Starring Eddie Marsan as John May, a council worker who deals with tracking down families, friends or acquaintances of people who have dies lonely deaths so that they may receive a decent burial and send off, moves along at its own downbeat pace without ever becoming pedestrian. Uberto Passolini manages to convey something of the mundane atmosphere of his protagonists lonely existence and to this end he does a highly effective job.
What the film focuses on as a central point though is loneliness and how modern life, society and the breakdown of traditional structures all have a knock on effect. I suppose your relationship with this film will hinge on your own viewpoints as to whether the breakdown of traditional values is a good or bad thing but one thing that becomes clearer and clearer throughout is that loneliness is not exclusive to people who live on their own.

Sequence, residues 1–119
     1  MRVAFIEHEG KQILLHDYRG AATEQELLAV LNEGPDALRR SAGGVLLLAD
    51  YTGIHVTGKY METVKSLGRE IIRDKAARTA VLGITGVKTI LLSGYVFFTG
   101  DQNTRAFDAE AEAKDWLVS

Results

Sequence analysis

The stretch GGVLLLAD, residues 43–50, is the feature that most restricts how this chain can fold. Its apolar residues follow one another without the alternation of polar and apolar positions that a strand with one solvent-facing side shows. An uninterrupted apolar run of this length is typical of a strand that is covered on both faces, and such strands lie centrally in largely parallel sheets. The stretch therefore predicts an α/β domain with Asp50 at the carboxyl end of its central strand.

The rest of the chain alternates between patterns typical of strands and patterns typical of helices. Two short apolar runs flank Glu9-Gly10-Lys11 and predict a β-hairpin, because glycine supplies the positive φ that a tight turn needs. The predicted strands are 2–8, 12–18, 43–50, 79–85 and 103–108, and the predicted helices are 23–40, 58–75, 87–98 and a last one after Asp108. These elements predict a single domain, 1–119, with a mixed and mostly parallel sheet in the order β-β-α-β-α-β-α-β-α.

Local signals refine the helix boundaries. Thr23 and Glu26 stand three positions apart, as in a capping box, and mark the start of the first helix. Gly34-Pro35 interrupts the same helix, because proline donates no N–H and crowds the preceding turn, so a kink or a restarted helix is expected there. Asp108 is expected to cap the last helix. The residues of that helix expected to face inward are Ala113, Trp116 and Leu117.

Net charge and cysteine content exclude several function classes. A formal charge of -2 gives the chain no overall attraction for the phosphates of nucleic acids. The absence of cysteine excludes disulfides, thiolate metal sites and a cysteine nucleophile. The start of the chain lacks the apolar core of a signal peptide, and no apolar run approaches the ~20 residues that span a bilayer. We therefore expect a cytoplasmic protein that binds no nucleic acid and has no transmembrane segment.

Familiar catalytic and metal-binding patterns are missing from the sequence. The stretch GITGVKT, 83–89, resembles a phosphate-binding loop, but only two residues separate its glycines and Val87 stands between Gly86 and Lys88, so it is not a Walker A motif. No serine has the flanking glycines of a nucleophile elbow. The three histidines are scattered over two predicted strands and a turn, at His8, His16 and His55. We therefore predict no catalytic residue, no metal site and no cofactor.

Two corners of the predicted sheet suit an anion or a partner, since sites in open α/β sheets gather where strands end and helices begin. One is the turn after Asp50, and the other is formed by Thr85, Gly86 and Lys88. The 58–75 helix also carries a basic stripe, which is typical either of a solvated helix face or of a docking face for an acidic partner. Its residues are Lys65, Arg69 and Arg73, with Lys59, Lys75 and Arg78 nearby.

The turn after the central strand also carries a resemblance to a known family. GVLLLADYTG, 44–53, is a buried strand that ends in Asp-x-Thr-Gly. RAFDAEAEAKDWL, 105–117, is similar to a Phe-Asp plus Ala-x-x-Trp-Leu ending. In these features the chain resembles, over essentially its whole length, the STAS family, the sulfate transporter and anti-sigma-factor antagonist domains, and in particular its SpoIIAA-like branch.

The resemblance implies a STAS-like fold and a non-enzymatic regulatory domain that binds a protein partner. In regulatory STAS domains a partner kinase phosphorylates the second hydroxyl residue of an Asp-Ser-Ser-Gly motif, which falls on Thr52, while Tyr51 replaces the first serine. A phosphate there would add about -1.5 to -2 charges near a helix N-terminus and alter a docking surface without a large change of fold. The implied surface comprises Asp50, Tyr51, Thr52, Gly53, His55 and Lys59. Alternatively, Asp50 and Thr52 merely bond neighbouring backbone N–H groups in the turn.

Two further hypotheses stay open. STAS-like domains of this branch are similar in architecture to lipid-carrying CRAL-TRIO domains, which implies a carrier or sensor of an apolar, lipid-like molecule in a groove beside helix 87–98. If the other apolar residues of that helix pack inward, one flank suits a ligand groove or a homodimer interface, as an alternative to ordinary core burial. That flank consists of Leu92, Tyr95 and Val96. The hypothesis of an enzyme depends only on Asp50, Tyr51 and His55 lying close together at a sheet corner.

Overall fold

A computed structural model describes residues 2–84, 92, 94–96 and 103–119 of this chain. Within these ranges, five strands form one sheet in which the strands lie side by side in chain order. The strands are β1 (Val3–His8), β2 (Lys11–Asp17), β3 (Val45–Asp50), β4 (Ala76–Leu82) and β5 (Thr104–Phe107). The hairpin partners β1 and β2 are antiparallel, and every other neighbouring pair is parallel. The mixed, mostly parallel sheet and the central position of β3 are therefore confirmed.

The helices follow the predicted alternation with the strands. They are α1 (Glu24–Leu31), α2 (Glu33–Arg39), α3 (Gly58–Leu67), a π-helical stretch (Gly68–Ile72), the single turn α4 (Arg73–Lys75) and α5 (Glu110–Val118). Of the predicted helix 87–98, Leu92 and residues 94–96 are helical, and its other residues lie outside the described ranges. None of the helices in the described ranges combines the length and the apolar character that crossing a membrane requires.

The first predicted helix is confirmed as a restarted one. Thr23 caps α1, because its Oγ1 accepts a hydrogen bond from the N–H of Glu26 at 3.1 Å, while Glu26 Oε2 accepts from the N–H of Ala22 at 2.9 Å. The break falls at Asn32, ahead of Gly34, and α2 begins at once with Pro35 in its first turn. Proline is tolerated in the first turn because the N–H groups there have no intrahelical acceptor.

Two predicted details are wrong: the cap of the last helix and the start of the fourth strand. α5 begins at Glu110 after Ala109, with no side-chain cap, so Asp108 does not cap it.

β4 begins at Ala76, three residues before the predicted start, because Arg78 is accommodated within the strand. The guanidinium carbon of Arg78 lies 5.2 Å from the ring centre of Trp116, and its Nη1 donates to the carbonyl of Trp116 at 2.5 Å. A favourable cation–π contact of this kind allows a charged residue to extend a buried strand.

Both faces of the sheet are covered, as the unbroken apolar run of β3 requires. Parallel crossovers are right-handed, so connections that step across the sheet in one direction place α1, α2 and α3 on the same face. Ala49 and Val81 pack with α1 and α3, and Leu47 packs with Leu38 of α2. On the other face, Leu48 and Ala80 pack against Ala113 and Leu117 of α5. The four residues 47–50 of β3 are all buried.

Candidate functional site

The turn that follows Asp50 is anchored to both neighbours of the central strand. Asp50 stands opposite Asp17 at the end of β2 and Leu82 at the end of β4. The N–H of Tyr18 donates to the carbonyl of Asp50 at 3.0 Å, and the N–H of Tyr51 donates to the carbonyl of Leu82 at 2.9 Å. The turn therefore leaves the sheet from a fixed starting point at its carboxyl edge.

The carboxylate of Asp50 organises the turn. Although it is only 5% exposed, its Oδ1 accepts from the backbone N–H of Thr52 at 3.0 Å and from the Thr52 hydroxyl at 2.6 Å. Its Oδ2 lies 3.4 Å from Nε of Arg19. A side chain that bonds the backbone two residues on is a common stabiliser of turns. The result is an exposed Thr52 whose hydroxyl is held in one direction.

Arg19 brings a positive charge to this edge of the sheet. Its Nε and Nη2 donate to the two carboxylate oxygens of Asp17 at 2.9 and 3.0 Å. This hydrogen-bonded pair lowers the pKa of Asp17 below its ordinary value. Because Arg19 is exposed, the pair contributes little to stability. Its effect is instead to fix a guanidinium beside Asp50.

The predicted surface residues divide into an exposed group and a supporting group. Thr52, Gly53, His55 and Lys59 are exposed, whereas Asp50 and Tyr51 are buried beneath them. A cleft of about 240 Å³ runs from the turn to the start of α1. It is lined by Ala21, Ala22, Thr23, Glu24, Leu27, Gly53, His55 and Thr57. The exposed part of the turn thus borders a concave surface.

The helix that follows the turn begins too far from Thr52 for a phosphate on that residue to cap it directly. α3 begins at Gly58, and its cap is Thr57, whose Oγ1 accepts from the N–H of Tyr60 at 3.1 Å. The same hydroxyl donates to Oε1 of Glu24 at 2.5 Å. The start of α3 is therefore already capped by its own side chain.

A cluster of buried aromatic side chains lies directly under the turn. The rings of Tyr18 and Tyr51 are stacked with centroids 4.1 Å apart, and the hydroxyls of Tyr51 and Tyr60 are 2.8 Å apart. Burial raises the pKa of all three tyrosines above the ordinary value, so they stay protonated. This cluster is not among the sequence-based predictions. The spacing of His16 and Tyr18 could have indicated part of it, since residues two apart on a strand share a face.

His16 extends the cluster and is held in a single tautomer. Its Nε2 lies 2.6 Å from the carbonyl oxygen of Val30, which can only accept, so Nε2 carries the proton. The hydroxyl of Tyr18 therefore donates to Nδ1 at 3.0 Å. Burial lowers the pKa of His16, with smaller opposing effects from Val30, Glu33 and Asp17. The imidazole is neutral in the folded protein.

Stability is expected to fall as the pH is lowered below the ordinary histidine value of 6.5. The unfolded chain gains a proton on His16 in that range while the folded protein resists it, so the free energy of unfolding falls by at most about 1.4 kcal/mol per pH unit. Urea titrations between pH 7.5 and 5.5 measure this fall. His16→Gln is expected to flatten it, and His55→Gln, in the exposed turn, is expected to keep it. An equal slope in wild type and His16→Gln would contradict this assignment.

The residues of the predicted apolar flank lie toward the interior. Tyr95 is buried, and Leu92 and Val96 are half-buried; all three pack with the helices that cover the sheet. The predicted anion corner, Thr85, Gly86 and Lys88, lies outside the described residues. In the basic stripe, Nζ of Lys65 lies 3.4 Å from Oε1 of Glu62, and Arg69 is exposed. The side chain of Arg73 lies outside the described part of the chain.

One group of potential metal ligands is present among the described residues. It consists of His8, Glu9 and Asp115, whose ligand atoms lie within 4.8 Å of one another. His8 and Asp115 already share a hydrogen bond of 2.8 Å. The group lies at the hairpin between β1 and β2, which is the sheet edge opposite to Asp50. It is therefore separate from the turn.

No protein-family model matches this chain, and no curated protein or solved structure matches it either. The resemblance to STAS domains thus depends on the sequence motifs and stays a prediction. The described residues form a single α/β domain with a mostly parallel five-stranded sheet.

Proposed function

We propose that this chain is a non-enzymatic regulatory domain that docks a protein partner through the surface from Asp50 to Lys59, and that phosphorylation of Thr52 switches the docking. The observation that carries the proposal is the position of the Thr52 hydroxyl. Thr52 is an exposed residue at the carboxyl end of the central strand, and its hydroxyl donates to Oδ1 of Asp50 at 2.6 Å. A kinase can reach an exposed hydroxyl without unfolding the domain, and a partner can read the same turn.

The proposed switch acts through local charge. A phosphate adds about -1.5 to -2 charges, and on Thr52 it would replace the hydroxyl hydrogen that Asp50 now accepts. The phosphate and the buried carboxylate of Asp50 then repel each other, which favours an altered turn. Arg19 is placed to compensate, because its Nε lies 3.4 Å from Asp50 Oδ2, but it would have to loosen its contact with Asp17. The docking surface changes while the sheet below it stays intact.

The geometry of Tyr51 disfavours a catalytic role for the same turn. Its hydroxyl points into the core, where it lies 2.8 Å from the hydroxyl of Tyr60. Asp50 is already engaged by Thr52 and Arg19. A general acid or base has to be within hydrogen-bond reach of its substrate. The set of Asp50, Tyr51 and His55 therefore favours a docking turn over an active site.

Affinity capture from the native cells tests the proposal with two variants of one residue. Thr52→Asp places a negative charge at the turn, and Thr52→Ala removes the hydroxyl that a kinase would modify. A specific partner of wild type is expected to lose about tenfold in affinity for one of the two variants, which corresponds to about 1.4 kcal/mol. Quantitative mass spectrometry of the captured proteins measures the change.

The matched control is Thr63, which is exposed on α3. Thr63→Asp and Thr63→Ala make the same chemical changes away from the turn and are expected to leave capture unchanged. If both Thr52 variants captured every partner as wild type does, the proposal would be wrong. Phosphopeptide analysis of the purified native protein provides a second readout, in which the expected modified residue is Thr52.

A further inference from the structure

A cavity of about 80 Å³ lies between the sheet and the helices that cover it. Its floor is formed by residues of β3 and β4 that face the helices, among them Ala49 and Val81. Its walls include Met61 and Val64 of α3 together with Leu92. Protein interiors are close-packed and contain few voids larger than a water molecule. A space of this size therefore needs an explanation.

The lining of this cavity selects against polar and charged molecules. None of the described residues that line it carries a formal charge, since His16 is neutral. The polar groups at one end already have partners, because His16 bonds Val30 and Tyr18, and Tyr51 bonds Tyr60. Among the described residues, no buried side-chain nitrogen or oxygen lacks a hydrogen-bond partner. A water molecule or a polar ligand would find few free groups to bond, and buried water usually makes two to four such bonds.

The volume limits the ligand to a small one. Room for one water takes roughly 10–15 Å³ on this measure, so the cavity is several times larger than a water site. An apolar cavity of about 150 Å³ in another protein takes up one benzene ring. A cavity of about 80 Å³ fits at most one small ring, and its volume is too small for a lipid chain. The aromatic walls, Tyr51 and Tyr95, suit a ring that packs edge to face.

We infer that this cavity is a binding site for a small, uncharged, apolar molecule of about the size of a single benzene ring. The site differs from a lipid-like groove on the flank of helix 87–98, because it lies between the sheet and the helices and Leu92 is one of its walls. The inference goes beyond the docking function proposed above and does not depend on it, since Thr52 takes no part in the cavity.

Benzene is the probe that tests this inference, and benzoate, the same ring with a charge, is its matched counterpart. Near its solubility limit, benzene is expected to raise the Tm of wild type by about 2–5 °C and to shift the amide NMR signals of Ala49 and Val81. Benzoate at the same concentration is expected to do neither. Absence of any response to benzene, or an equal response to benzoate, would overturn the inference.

There is also a slight lilting humour acting as a constant undercurrent throughout the duration of this film and it is a wry smile to yourself type of humour as opposed to any laugh out loud type moments. In this it is effective in letting the viewer sit back and consider what has been said and just how poignant it actually is.
Not a film for the adrenaline junkies however but Still Life ambles along unobtrusively enough and makes its points highly efficiently. In this it succeeds where maybe bigger and bolder films don’t.